By Grace Sudderth
Walnut Hills restaurant in Vicksburg, Mississippi is home to award-winning country fried chicken, rice and gravy, peach cobbler and other southern delicacies, representing the traditional Southern mecca everyone seeks.
The restaurant embodies southern charm and tradition—some old and some new—by serving award-winning and nationally-recognized southern comfort food. The restaurant first established itself in the 1880s.
There is deep-rooted history within this house-turned-restaurant, even within the name. Before the historical town of Vicksburg was founded, the Spanish stumbled across the rolling hills and took notice of the many walnut trees. The Spaniards gave the land the name of Nogales, which later translated to “Walnut Hills.”
Some years later in 1863, a city emerged from the bluffs refined in tradition. Vicksburg began to take shape into what might be known as the typical idea of the “Old South.” Elegant mansions, plantation farms and homes, and thriving merchant businesses began to emerge. The 47-day siege of the Civil War had come to Vicksburg and severely wounded the quaint southern town. The old ideas, spirit, and ways from the past were gone forever and needed to reemerge from the ash.
From the wounds and fallen spirits, Vicksburg began to rebuild itself coming into the era of what is known as the “New South.” A man by the name of George Rogers built a quaint southern house in the town. This house served as a family home to the Rodgers family for many years and embodies bold southern architecture of the time. For a while, this home was kept as a historical home and landmark.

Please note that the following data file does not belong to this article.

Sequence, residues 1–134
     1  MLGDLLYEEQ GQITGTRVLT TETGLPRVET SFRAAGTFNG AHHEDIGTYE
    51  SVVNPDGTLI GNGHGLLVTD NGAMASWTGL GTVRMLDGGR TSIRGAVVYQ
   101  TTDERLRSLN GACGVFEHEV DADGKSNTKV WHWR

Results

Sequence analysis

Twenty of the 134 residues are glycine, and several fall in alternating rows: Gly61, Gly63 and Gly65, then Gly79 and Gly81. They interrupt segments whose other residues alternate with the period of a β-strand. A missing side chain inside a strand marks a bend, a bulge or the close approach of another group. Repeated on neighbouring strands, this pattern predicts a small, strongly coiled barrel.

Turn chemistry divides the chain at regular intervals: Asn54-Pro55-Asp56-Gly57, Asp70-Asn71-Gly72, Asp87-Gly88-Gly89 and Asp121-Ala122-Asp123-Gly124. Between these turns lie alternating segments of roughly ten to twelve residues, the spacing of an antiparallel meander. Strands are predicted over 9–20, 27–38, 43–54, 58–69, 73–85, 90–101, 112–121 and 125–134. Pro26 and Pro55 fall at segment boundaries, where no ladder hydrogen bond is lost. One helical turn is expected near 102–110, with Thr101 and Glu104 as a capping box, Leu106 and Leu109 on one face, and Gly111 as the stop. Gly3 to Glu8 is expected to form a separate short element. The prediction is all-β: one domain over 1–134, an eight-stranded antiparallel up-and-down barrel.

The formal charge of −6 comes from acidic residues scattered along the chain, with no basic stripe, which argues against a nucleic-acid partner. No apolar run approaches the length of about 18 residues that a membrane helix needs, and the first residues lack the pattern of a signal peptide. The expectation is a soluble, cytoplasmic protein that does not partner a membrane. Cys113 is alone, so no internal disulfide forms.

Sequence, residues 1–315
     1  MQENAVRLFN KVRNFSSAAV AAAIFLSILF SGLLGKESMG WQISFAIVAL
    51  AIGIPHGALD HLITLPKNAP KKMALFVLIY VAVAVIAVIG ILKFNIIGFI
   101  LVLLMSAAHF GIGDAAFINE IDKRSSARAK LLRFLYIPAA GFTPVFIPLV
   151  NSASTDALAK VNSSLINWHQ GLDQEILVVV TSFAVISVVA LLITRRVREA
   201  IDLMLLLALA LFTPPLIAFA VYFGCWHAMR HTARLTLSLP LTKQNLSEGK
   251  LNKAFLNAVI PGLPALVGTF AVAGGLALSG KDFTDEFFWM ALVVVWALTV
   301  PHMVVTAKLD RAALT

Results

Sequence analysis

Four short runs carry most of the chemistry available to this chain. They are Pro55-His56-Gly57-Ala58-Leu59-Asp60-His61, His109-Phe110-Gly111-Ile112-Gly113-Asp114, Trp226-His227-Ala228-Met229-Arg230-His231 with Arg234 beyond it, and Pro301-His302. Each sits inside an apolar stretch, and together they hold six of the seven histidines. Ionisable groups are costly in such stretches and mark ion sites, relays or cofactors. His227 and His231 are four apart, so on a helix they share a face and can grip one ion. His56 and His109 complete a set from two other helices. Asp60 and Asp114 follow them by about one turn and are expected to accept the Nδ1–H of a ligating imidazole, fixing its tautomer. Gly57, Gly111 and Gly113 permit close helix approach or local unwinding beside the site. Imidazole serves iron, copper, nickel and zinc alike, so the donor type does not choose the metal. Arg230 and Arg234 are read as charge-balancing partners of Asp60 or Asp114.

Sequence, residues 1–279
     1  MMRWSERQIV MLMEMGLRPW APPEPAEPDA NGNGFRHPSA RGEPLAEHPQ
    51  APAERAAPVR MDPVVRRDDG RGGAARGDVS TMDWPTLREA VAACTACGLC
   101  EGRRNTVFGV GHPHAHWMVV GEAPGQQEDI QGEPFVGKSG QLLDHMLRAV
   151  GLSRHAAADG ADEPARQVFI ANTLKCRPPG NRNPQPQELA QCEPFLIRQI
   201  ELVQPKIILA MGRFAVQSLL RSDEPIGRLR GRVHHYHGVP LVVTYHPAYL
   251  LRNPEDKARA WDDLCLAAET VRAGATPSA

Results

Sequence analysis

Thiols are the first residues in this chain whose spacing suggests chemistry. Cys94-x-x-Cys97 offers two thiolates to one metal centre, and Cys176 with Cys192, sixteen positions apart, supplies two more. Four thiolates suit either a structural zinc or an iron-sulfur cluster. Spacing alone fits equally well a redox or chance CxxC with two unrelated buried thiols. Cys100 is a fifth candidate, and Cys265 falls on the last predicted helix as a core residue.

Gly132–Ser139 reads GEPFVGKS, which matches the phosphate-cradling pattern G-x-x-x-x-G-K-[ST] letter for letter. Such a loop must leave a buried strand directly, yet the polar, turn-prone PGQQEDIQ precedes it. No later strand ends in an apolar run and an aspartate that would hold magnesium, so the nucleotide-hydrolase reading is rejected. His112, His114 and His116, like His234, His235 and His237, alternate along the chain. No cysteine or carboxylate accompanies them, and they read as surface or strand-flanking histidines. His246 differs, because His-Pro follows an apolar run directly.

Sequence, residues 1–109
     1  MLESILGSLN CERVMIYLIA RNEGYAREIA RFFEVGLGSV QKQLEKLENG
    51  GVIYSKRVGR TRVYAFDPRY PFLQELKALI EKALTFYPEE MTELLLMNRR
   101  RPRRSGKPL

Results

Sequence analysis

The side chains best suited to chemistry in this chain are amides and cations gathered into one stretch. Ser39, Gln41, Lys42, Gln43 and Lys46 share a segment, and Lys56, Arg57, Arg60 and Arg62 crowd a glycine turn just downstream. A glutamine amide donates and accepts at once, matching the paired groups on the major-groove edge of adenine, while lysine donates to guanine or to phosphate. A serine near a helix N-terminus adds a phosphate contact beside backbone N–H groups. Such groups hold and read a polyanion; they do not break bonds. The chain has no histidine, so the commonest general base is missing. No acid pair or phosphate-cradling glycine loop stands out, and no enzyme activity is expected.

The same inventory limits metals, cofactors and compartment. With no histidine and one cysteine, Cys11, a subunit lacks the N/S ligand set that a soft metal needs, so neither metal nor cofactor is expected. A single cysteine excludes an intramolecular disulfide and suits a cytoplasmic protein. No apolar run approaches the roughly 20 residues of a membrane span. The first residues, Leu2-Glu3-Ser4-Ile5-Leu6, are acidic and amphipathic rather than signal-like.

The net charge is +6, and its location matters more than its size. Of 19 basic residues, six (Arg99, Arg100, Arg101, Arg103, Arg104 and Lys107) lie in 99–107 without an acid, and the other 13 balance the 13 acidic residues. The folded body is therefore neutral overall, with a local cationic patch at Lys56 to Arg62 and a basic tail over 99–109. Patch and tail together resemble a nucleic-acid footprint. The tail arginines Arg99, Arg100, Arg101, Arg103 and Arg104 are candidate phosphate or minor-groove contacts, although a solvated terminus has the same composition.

In 1980, this charming house in the historic district of Vicksburg was opened as a roundtable restaurant. Today, Walnut Hills still has the original porch, columns, window shutters, and other features included inside. The aurora of the old charming house adds to the authentic feel and experience restaurant goers may feel. One can feel as if they are traveling back in time.
Still holding true to its southern tradition and history, Walnut Hills serves award-winning southern comfort food to all. The menu entails typical southern cuisine: fried chicken, fried green tomatoes, catfish, and a variety of delectable desserts. The magic behind the kitchen is whipped up by Ms. Herdcine Williams, the main cook.
Williams said she has been cooking in that kitchen for 31 years.
“I began cooking here with my late mother. Cooking was my mother’s most favorite activity, as well as my favorite thing to do with her,” shes said. “My son actually has been serving my food here for quite some time now. It is so crazy to think the third generation of the Williams’ is still hands-on with this restaurant. This is our home and our family.”
According to the Walnut Hills’s website, they have been featured in Good Morning America, “Southern Living”, 1,000 Places to See Before You Die, “Delta Magazine”, and “Saveur Magazine.” Paula Dean has even traveled down to the hidden gem to have a taste of the food.
Restaurant owner Joyce Clingan understands how important it is to keep the tradition in a town so deeply enriched in history.
“Walnut Hills is the hotspot southern ideal of what it truly means to live in the South,” she said. “Greeting familiar and unfamiliar faces like family, being authentically genuine, creating the ultimate southern charm experience, and cooking food that represents all of that is what makes Walnut Hills so great.”
In the South, the hidden gems are what make each rural area the best. Walnut Hills has proven this with the rich history, genuine southern hospitality, and comfort food that reflects its upstanding reputation.